In his first book, published in 1977, Tim Mackintosh-Smith described mentioning the idea of travelling to Yemen while studying Arabic at Oxford because he had heard that Yemenis spoke the purest form of Arabic. ‘They all say that, you
stupid boy,’ his tutor replied, suggesting he go ‘somewhere respectable’ instead.
The student went to Yemen all the same, and has been there ever since, living through sweet and also turbulent times, including civil war and the ongoing Saudi-stirred nightmare that has taken at least 60,000 lives through combat and some 85,000 from famine. But not so very long ago, the word Arab in this country conjured up images of a sleepy, hospitable and ineffective people. How the wheel has turned. One of the many significant achievements of Mackintosh-Smith’s brilliant new book is to put this current moment into a long and rich context, explaining how it fits into the 3,000-year history of peoples, tribes, empires and a language.
There have been three great waves of emergence or resurgence among Arabs, and we are currently living with the third, raised by the demons of nationalism, the power of the petrodollar and the end of European and Turkish empires. The second wave arose some 1,400 years ago, when the archangel Gabriel appeared to a not-so-successful trader from Mecca, which led to the creation of Islam.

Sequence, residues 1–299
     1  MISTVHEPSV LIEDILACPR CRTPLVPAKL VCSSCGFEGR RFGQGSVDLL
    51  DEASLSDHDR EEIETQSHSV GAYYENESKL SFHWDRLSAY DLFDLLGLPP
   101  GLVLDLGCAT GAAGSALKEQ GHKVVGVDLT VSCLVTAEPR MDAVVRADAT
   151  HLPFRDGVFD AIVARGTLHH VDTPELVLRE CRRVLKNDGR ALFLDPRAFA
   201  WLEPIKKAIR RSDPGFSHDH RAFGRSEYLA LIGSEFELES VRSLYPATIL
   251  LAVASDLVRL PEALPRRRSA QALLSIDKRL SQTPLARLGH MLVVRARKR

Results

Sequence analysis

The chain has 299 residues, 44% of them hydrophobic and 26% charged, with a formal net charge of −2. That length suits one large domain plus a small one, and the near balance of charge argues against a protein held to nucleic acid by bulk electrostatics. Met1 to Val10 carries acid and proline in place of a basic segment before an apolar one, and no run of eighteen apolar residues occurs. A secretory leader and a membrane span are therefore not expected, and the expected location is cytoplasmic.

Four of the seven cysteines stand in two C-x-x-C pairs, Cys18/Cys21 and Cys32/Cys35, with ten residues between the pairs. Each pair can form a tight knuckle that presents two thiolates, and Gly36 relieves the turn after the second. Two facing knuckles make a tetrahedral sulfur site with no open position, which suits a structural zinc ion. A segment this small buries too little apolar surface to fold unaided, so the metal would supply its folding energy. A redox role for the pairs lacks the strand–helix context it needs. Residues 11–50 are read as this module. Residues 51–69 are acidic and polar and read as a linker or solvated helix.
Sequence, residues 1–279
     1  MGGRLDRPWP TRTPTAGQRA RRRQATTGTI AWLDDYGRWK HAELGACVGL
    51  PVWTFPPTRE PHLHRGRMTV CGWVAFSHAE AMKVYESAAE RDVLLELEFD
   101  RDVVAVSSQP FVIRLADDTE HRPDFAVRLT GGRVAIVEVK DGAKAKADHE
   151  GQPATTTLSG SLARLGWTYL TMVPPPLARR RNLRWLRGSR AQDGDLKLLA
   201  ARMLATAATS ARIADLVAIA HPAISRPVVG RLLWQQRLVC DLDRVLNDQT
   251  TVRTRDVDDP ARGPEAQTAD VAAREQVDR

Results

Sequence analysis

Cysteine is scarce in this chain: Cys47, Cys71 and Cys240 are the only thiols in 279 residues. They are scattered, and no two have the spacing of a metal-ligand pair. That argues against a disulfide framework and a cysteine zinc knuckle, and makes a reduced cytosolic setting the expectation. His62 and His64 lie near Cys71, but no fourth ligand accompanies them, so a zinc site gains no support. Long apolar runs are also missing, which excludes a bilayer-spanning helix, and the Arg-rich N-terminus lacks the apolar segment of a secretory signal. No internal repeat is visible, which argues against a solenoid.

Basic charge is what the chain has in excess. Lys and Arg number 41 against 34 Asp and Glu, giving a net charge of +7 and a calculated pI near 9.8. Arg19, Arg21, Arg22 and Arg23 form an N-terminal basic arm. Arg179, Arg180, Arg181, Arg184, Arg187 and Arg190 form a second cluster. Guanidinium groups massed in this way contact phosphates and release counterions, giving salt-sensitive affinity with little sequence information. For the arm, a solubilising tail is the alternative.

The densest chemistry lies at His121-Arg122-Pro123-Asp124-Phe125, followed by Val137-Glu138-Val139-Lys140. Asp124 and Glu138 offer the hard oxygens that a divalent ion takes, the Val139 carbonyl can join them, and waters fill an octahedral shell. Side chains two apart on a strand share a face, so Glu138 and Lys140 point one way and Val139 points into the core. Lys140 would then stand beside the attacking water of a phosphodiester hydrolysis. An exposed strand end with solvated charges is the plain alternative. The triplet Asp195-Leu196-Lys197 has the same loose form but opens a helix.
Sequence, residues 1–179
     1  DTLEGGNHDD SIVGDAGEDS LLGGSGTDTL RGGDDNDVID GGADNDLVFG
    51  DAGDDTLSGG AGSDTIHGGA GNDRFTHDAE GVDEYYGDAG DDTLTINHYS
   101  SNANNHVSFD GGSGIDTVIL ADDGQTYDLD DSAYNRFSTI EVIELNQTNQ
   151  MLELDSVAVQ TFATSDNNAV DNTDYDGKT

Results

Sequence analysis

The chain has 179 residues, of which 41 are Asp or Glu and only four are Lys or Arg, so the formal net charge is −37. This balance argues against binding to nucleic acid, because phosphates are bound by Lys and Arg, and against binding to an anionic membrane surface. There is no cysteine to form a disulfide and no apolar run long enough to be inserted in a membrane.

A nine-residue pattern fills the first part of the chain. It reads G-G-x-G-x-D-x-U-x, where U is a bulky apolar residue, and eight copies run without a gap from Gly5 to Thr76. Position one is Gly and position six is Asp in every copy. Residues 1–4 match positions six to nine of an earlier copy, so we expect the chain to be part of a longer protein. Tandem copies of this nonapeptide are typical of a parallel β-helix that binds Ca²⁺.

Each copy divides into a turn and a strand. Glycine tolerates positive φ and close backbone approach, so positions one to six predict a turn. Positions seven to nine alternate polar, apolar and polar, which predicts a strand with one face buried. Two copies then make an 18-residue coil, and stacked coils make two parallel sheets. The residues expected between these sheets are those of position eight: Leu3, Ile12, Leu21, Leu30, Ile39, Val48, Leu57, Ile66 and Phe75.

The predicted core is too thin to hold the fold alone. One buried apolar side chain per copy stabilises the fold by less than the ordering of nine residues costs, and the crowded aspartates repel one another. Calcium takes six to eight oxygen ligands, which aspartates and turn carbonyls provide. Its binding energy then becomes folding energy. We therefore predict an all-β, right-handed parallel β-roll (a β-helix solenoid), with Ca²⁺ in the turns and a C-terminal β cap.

These two waves are well known, both to many of us outside the Arab world and within, not least among the angry people who detonate bombs. Mackintosh-Smith’s Arabs is in some ways a call to engage not just with these two waves but with the earliest one — to remember what it meant to be an Arab before the advent of Islam. The ‘3,000 years’ of the book’s subtitle is a reminder that half of their known history belongs to the period before the angel appeared with the Koran.
The first wave, then, was a coming together of people who had a common way of life in the harsh land of the Arabian peninsula, a life that was mostly and by necessity lived on the move, herding camels in search of grazing. Out of this union came a common language, and because of that the word they used to describe themselves, ‘Arab’, acquired a broader meaning: ‘Arab, the term for a peripheral, mobile minority, would eventually become a blanket term, covering people of the desert and the town and everything in between.’
The reminder that there were settled people in Arabia at an early age is an important one. We tend to think of Arabs as nomads, but although cattle were first domesticated on the peninsula by the 6th century bce, crops, and with them irrigation canals, arrived a couple of thousand years later. The settled Arabs, the hadar, as opposed to the desert-dwelling badw (Bedu or Bedouin), also traded. Among earlier Arab traders who headed north was the Queen of Sheba, leading a caravan carrying aromatics and other exotic goods to King Solomon in Jerusalem.
Later, in Roman-dominated times, Arabic-speaking Nabataeans kept the Mediterranean world supplied with incense, spending some of the profits from this lucrative trade on building monuments at Petra and further south in what is now Saudi Arabia. Arab fighters also made their mark beyond the peninsula in antiquity, the first-known of them being a chief called Gindibu, who led 1,000 camel-riders into Mesopotamia (modern Iraq) in 853 bce to fight the Assyrians. But the unique power of Arabs was the combination of hadar and badw, and that power was most effectively harnessed when the two elements were united and inspired by a single idea.